Cheat Sheet: What You Need to Know to Nail a Last-Minute Interview

For weeks you’ve been actively sending your resume out and applying for job openings when (finally!) you get a call from a company who wants you to come in for an interview—today! Because you still have to do your current job today, you have exactly an hour to prep. How do you get ready for this?

You obviously don’t have time now to do exhaustive in-depth research, so you’ll need to prioritize and nail the basics. As an agency recruiter, I know firsthand what an employer actually expects you to know when you walk through the door for an interview—both when it’s been scheduled in advance or when it’s been arranged at the very last minute.

In this scenario, after you Google directions and figure out exactly how to get there and how much time you’ll need (better to give yourself extra minutes so you don’t run the risk of arriving late), here’s what else you can do with your limited time.

The People: Who Are You Interviewing With?

Names and titles can be a blur, particularly if you’re hearing them for the first time. Write down everyone’s name and check out their LinkedIn profiles. This may help you find commonalities or shared interests that could be helpful in building rapport. If the company website has an “About Us” page, read through it and memorize key facts, names, and titles.

The Organization: What’s the Latest News?

See if there’s a Facebook page, LinkedIn profile, Instagram handle, or Twitter presence, and pay attention to anything striking. For example, did the company just secure another round of funding or launch a new CSR initiative? Knowledge of these types of items can be good conversation starters, particularly when you don’t know as much about the organization as you would if you had more prep time.

If nothing of note stands out on social media, you can do a simple Google News search with the company name, or, if they have a press page, you should be able to find recent coverage or press releases.

The Product: What Is it Selling?

Make sure you’ve tried the product and know what it’s about. In an ideal world, you’re applying to companies you admire or already have some familiarity with. But, if you’ve been sending out tons of applications and the interview happens to be at a company you’re less knowledgeable about, use 20 minutes to take a high-level stock of what your potential future employer does.

Nothing’s more annoying or disheartening to a hiring manager than to see that the interviewee has no idea what the organization does. It’s OK to ask for clarification about the company’s product or to probe for more info during the meeting—after all, this person knows he or she just called you in—but the expectation is that because you applied for the position, you have a baseline understanding.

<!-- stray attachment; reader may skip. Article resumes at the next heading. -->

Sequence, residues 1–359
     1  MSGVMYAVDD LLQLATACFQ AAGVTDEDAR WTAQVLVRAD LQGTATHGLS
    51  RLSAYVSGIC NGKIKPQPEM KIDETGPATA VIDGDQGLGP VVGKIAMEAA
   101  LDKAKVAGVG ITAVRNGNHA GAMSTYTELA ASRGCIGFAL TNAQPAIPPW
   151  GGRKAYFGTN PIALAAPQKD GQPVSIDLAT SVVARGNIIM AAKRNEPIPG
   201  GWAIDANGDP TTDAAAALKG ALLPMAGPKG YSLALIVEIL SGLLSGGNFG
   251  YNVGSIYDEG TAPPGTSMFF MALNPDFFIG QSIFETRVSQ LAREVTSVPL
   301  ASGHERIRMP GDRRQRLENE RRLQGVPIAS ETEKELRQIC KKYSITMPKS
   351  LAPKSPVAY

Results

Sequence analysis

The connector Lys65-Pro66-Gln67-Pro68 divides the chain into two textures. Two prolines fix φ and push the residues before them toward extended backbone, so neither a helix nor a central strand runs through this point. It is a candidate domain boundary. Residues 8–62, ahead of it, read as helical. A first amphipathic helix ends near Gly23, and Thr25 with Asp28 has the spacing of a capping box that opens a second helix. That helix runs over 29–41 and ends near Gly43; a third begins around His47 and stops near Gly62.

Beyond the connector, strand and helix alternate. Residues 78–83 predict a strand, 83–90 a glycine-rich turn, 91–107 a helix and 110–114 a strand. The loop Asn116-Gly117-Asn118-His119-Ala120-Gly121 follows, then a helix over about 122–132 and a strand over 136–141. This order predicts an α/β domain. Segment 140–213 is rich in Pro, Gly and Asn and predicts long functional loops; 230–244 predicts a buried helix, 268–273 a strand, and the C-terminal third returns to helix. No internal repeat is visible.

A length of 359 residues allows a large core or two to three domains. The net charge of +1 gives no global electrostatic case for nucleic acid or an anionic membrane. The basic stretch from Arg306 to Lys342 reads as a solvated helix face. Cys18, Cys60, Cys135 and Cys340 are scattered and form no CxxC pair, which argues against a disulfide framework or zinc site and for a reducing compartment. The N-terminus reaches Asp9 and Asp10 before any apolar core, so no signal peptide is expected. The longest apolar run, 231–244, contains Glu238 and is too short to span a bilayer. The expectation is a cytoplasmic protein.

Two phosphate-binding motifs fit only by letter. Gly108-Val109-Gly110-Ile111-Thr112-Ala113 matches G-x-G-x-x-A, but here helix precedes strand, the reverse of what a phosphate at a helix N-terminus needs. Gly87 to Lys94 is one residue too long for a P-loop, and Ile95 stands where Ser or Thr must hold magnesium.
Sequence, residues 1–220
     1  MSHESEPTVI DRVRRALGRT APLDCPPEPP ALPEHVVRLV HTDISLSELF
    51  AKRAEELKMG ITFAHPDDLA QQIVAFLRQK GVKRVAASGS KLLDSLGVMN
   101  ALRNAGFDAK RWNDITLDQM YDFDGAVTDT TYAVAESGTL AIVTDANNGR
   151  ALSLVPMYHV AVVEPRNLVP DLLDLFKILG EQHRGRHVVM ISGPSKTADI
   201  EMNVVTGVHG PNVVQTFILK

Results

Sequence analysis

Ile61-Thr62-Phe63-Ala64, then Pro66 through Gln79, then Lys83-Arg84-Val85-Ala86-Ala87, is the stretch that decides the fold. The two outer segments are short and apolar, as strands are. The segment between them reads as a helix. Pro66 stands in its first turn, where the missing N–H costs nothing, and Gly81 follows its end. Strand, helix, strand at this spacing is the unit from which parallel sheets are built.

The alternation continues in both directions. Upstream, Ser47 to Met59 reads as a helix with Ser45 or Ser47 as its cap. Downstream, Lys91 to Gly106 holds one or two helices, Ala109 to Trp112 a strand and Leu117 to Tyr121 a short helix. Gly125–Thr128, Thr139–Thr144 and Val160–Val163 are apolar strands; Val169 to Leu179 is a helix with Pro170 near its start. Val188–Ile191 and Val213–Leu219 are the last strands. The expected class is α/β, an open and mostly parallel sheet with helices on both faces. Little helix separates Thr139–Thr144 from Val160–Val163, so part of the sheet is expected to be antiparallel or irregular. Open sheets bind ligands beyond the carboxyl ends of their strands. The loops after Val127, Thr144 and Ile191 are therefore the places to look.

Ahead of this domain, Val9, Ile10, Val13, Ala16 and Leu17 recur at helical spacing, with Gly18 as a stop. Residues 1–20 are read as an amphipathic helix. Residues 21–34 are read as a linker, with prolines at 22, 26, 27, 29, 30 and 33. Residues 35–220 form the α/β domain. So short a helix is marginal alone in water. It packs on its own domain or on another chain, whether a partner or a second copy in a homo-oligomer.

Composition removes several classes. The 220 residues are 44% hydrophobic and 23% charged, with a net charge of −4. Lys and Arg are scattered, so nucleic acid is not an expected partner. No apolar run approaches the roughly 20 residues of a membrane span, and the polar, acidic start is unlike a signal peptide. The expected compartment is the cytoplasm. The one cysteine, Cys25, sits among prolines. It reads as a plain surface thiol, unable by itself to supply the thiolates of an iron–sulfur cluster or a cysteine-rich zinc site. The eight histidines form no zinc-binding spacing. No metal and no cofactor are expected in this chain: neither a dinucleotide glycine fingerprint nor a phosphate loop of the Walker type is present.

The Culture: What’s the Dress Code?

The biggest way to signal you don’t understand your potential employer is to arrive in an outfit that totally clashes with its culture. Don’t arrive in a very formal and conservative look if you’re interviewing with a scrappy tech company. Likewise, you’re not going to want to go straight from your bare-bones startup, where your uniform is basically jeans and a T-shirt, to a law firm.

If you have no time to change, remain calm and do the best you can. Freshen up in the bathroom at your office, make sure your shirt’s tucked in, double-check there’s nothing in your teeth. If you can’t dress the way you would’ve liked, you can at least make yourself look as polished and put together as possible.

And if your outfit’s completely off-base, let the hiring manager know that you’re aware. It’s as simple as saying, “As you may know, I was invited at the last minute to interview today, and didn’t have time to change. I definitely recognize that this is a formal work environment [or a casual one], and will be more appropriately dressed the next time. “

The Candidate: What Do You Have to Offer?

During your commute—whether you’re driving or taking the bus—take advantage of the minutes leading up to your arrival. Spend a few minutes thinking through your work history and career trajectory. Can you recall a specific example of an achievement you’re proud of, a challenge you overcame, and what and how you learned from those experiences? You better believe someone in the interview is going to ask a question that prompts you to connect the dots and demonstrate your value.

Remember: This person’s on your side and he called you in at the last minute because he’s very interested in meeting you and moving you through the process. The last thing to do before you step into that room is take a deep breath and remind yourself that you’ve got this.

And if the worst-case scenario happens and you bomb, fear not. Even a bad interview isn’t always the end. Don’t underestimate the power of a well-written thank you note. In this letter, along with thanking everyone for their time, you can address the parts you fumbled over. Explain that you while you weren’t able to articulate a response on the spot, after having some time to think it through, you have an answer you’d like to share now. That small gesture often leaves a lasting impression.